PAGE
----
Monder Law Group - News
Blood Test or Breath Test: Do I Have A Choice In A DUI Arrest?
Yes. You have a choice, per Vehicle Code §23612: a person has the choice of whether the test shall be of his blood or breath and the officer shall advise the person that he or she has that choice. And if not provided that choice than the defendant can argue the compelled blood test was obtained without a warrant and was obtained without consent, it was unreasonable, and violated the Fourth and Fourteenth Amendments to the U.S. Constitution and Article I, Section 13 of the California Constitution.
The Typical Scenario:
The defendant, after being pulled over for a minor vehicle code violation, is taken to the police station. He or she is then NOT offered a choice of blood or breath test. The police officer told him or her “We’re going to take a blood test from you and we are getting a lady here to do it,” or words to that effect. The defendant cooperated fully. However, he or she was never given a choice of tests, nor did he or she ever consent to the withdrawal of the blood from his or her body.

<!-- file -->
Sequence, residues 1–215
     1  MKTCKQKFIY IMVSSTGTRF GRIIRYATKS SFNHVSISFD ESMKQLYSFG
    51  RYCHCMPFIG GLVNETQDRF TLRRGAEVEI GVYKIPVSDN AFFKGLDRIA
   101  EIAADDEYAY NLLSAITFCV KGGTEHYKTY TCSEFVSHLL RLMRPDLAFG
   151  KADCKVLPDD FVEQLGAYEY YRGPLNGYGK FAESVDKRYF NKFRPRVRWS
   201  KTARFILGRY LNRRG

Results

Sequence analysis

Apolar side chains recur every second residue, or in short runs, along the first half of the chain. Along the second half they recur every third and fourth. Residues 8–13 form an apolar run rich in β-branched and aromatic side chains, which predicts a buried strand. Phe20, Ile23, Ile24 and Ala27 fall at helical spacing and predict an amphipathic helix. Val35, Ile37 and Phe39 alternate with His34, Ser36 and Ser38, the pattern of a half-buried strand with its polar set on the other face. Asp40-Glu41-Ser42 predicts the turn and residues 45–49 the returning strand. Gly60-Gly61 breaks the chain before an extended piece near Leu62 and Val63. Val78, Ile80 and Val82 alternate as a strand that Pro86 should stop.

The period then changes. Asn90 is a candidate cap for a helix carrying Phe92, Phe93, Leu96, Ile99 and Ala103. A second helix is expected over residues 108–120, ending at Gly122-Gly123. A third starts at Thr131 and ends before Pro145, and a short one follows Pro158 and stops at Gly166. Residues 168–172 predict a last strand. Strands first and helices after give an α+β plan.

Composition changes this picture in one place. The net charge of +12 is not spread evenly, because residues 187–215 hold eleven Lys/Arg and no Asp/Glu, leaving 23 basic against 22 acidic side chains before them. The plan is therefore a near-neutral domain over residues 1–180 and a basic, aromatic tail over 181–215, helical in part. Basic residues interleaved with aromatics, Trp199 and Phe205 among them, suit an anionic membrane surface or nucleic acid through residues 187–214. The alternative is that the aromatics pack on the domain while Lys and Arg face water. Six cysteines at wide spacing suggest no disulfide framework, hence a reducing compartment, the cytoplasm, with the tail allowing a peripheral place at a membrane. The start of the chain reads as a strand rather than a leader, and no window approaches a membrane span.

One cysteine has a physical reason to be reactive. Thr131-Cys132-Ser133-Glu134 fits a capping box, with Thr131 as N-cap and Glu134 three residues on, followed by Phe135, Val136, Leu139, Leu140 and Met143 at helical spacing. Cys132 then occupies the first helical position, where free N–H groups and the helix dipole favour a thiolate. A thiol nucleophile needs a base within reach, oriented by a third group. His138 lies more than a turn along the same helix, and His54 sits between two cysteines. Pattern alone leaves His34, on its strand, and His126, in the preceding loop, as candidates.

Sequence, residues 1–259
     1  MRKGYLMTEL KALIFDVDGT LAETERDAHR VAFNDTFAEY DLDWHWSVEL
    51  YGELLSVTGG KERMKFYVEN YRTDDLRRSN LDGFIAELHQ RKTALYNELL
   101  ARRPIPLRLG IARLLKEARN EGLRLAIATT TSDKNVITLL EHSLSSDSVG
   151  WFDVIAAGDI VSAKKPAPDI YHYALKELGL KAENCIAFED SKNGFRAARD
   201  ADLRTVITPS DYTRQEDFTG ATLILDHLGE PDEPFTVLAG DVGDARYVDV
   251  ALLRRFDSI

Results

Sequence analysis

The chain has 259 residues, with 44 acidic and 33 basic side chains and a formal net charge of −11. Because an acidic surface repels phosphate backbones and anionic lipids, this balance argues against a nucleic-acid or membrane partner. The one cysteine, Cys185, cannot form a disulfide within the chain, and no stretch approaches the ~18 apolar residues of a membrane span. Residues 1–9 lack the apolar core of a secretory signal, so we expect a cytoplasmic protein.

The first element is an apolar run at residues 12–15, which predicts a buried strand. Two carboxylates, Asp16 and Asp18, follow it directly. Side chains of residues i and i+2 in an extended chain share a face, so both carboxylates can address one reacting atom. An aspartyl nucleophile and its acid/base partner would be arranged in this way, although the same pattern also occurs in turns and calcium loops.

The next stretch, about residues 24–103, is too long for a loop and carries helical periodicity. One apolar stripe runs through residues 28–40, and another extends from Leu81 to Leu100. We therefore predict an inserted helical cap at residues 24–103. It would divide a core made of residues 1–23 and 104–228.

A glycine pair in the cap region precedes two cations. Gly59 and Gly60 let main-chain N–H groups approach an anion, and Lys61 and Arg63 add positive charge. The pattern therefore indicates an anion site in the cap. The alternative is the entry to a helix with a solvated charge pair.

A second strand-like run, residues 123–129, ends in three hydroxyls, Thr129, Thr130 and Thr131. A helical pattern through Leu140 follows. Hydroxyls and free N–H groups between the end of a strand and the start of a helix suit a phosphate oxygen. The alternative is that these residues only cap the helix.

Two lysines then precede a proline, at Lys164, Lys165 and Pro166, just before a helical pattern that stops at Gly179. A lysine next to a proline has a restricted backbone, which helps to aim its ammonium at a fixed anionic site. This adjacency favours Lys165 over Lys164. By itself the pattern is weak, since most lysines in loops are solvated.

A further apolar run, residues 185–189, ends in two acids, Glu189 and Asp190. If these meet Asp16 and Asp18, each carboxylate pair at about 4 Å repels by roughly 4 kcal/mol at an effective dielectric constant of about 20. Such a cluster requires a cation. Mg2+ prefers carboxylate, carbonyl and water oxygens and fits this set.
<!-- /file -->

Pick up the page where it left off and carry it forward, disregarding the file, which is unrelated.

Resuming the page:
How Do I Argue this Violation of My Rights?
Well, you shouldn’t, your lawyer should. And the first thing your lawyer will (most likely) do is file a 1538.5 motion to raise the issue of the unconstitutionality of a search and simply assert the absence of a warrant and make a prima facie case to support that assertion. Consequently, the burden of proof to justify the warrantless search is on the prosecution. And California courts have ruled that even though the moving party has the initial responsibility of raising the suppression issue, “when [he so raises], he makes ‘a prima facie case’ when he establishes that the arrest or search was made without a warrant and… “the burden then rests upon the prosecution to show proper justification. At this point, you just have to poke holes in the prosecution’s arguments, and make sure they never meet their burden of proof. And the defense has this very strong argument in their favor: If an alternative test is readily available and a suspect requests it, police officers may not arbitrarily refuse to administer it simply because the suspect did not have the presence of mind to make a decision more promptly or because he changed his mind. The standard, as always, under the Fourth Amendment, is reasonableness. Defendants (the police) have offered no explanation for the officer’s refusal to comply with (the arrestee)’s request.
If you have any questions feel free to contact San Diego DUI Attorney Vik Monder at 619.405.0063 or visit San Diego Criminal Defense Lawyer